28 Mar


DID YOU KNOW there’s a bit of a misconception that once you’re “pre-approved” that you’re good to go!  All pre-approvals aren’t created equal and if you’re going to depend on one, you really should understand their limitations.

Being pre-approved simply means that based on your CURRENT financial situation eg income, expenses, down payment, credit history, and debt ratio etc that you “should” be able to get fully approved once you find the perfect property!

Many lenders just confirm that you meet their general guidelines and won’t even check your credit and sometimes use a basic mortgage calculator saying everything looks good.  They usually just provide a rate guarantee and it’s a bit of a red flag if they don’t ask for documentation in order to confirm qualification.  Only an underwriter can confirm that your numbers meet their approval.

Choose a lender who will review your application and your documentation BEFORE granting a pre-approval, unless of course you have 20% down, rock solid employment with provable income, perfect credit, and very low debt.

The real issue with being pre-approved is that the lender doesn’t know yet which property you’re going to purchase; maybe you’ll find the house of your dreams and it turns out to be a grow-op.  Most lenders won’t even look at it even if it’s been completely remediated, but if they do they’ll usually require a more substantial down payment and additional air quality testing [another out-of-pocket expense for you!]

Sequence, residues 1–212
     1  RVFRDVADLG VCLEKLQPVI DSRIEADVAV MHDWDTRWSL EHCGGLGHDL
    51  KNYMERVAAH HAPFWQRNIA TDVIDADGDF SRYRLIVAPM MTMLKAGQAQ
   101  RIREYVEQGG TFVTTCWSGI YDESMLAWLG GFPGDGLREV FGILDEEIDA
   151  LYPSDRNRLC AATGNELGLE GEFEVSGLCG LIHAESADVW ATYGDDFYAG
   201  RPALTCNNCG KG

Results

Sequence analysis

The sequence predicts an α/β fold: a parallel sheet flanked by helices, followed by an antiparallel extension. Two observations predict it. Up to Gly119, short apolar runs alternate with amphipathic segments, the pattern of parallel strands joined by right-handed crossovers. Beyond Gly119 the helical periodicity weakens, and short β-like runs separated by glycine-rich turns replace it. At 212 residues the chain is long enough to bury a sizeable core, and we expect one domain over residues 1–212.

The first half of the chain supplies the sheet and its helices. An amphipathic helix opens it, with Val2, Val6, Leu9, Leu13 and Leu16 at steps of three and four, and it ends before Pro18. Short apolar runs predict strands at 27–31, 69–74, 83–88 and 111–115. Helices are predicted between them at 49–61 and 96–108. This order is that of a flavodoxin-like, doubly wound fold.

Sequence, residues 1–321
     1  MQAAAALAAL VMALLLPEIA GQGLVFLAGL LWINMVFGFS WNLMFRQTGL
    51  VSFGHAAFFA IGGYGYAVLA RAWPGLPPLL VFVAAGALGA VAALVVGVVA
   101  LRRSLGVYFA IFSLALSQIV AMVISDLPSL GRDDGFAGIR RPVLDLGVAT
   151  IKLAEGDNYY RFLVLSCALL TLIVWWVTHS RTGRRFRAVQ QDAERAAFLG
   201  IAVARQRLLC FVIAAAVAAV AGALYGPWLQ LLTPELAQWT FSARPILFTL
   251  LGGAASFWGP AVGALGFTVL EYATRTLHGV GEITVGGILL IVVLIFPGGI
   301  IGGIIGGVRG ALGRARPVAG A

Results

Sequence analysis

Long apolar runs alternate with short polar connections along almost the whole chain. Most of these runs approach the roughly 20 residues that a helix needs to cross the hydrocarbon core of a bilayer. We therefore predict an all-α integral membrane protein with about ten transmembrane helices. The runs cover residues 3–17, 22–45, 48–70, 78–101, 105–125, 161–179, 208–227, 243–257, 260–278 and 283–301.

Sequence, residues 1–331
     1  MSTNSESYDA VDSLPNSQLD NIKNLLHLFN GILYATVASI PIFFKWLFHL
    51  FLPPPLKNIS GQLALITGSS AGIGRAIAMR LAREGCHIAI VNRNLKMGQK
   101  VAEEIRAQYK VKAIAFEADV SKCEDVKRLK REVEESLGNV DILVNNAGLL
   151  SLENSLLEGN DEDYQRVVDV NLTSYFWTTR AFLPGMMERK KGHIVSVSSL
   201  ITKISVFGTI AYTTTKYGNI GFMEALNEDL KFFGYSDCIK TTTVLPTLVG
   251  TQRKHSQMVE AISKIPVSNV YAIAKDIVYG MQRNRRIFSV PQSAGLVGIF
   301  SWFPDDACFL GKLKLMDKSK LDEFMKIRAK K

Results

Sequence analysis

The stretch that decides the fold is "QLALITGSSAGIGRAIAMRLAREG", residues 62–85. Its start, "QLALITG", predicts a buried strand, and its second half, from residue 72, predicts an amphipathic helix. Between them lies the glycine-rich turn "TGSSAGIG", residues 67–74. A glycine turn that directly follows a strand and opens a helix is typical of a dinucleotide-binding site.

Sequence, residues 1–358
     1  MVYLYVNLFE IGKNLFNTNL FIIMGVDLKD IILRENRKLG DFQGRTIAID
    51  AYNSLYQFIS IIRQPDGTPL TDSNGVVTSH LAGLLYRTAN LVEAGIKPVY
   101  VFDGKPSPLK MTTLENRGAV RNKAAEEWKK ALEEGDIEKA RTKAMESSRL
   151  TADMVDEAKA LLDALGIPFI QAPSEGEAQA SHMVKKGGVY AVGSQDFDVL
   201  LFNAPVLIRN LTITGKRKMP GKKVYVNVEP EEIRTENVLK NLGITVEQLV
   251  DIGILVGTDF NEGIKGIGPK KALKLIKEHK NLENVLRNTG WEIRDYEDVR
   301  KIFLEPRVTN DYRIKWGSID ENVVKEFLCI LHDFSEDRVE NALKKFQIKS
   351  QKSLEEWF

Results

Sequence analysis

Pre-approvals do have some benefits though…

the 90-120 day rate guarantees protect you if rates sky rocket while house hunting

real estate agents and sellers take you more seriously

they are FREE

Appraisals are the key here and while they’re obviously not done at the pre-approval stage, they are mandatory when getting a mortgage.  Even when you get an appraisal prior to making an offer, you can’t rely on them to identify every single problem with a property which is especially true for condos because due to cost and time restraints, appraisers usually can’t review minutes, finances, and engineering reports etc.  Risks like contingency reserve deficiencies, structural issues, and/or special levies can pop up and ultimately make a pre-approval worthless.


A “subject to financing” clause when making an offer is uber important and is definitely your best protection as it offers a way out should you need it, and you won’t lose your deposit in the interim.  By the way, job changes, increased debt, and/or co-signing for someone can void your pre-approval.  If rates have stayed low and you’re still house hunting, maybe re-set your pre-approval if you can every 45 days or so; this will extend your rate hold and protect you if rates jump before closing.

Where thou art, that is home.” | Emily Dickinson